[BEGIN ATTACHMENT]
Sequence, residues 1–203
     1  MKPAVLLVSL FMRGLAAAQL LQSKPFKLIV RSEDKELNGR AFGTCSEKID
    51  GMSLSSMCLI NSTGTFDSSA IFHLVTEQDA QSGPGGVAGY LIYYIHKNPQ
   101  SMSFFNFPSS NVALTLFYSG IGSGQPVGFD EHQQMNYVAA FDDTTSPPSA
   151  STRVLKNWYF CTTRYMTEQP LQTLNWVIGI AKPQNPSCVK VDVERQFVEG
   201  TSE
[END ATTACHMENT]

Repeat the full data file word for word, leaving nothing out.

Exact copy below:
Sequence, residues 1–203
     1  MKPAVLLVSL FMRGLAAAQL LQSKPFKLIV RSEDKELNGR AFGTCSEKID
    51  GMSLSSMCLI NSTGTFDSSA IFHLVTEQDA QSGPGGVAGY LIYYIHKNPQ
   101  SMSFFNFPSS NVALTLFYSG IGSGQPVGFD EHQQMNYVAA FDDTTSPPSA
   151  STRVLKNWYF CTTRYMTEQP LQTLNWVIGI AKPQNPSCVK VDVERQFVEG
   201  TSE